Putting workers at the center of the future of work discussion

A conversation with Sarita Gupta, director, Ford Foundation Future of Work(ers)

In this episode of the Work in Progress podcast, my guest is Sarita Gupta, the director of the Ford Foundation‘s Future of Work(ers) program.

The organization takes a critical look at how emerging technologies continue to change the way we work—both the skills we need and the tasks we perform—as well the very definition of employment.

“Traditional employment is beginning to look more and more like ‘gig’ work, with unpredictable work schedules and more precarious working conditions and rewards,” according to its mission statement. And, as its name reflects, the program is about putting people and their well-being at the center of the discussion around the future of work.

“A core part of the Future of Work(ers) program is the importance of ensuring that working people have the ability to shape policies in their workplaces and the new economic models of our time. And so to that point, worker voice and worker influence is really, really important.”

“The future of work is not just about automation—automation is really important and we know it is taking place—but it’s also about the fissuring workplaces, workplaces that are shifting in these dramatic ways,” says Gupta.

Gupta and the organization believe there is a huge opportunity right now “to strengthen the ability of workers to be able to come together collectively, to negotiate on the many issues that are impacting their lives.”

And she adds, “we are hopeful that there are businesses out there who also understand that it’s in their interest to ensure that workers have a voice and are helping to shape some of the solutions that many of them are challenged with in this moment.”

She says that skilling, reskilling, and training are great examples of where there can be great partnership between workers and businesses, but, Gupta argues, skills and training can’t be the only solution.

“As we ask workers to become lifelong learners and upgrade their skills, we also need to upgrade the quality of jobs,” Gupta tells me. “No one working full time should ever live in poverty. That is so basic yet it’s still not the reality in our country. And that speaks directly to the role of employers and the role of businesses.

“It’s important that we’re creating new jobs. It’s important that we’re bettering the quality of the current jobs in ways that really ensure that workers have a fair chance to survive and thrive in our economy.”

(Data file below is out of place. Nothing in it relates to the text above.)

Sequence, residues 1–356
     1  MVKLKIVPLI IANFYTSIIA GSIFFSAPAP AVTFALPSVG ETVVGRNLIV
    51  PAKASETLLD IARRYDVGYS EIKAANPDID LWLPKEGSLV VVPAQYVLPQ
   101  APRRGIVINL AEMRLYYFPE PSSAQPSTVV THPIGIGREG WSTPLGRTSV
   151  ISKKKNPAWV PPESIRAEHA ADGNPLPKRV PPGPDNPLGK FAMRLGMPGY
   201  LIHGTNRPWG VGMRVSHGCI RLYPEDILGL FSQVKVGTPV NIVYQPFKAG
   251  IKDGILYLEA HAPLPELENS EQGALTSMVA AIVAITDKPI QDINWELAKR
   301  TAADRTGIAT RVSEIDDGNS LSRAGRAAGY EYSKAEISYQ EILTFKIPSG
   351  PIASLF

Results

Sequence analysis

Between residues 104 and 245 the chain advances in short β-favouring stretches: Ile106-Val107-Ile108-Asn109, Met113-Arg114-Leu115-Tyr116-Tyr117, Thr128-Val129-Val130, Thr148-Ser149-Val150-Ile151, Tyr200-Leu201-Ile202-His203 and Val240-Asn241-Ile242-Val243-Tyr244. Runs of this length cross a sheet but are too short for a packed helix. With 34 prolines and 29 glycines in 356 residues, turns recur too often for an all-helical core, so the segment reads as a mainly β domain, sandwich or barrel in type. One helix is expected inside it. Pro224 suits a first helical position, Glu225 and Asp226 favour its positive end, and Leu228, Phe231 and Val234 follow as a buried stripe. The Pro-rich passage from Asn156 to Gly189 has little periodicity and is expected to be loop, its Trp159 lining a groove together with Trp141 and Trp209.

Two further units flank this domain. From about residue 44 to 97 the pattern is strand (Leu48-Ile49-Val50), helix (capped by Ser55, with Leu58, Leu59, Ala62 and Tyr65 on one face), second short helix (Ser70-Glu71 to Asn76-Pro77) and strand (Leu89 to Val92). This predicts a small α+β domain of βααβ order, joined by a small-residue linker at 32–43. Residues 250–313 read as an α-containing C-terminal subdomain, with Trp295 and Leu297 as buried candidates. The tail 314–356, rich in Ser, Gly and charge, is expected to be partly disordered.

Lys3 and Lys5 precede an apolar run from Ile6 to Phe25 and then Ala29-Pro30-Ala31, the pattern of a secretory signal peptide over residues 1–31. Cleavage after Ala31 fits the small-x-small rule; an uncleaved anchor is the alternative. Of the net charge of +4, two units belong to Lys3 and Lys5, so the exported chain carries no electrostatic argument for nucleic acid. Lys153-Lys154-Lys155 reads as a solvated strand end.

“It’s important that we’re creating new jobs. It’s important that we’re bettering the quality of the current jobs in ways that really ensure that workers have a fair chance to survive and thrive in our economy.”

Gupta emphasizes that the future is fundamentally about people and how we can collectively develop a path to shared prosperity and economic security for all workers. She says the program’s work focuses on workers who have historically been excluded from labor protections—women, people of color, immigrants, many marginalized workers in low wage sectors of the economy in particular.

The Future of Work(ers) program supports various strategies to ensure all workers have a stronger voice in the changing workforce, which you can read about on their website.

Gupta is clearly passionate about ensuring everyone has the opportunity to get a good job and career. That passion comes from her own experiences growing up in Rochester, New York, during the time Kodak was downsizing.

[Watch our WorkingNation original documentary on how shifting technology changed Kodak and impacted its workforce here.]

“I grew up in a very working class community where I saw literally the livelihoods of people, their rugs being pulled out from under them. And I was pretty young, but I had friends whose parents were losing jobs and we’re not finding other jobs that paid the same wages as they had received at Kodak and provided the same kind of benefits,” Gupta shares.

“I saw this transformation of the city I grew up in. And I think at a really young age, I was profoundly impacted by how devastating that was for families, how it immediately cut off economic opportunities for so many or limited economic opportunities for so many.”

You can listen to my conversation with Sarita Gupta on this page, or you can download it and listen wherever you get your podcast.

Download the transcript for this Work in Progress podcast here.

Episode 171: Sarita Gupta, director, Ford Foundation’s Future of Work(ers) program
Host: Ramona Schindelheim, Editor-in-Chief, WorkingNation
Producer: Larry Buhl
Executive Producers: Joan LynchMelissa Panzer, and Ramona Schindelheim
Music: Composed by Lee Rosevere and licensed under CC by 4.0.

You can check out all the other podcasts at this link: Work in Progress podcasts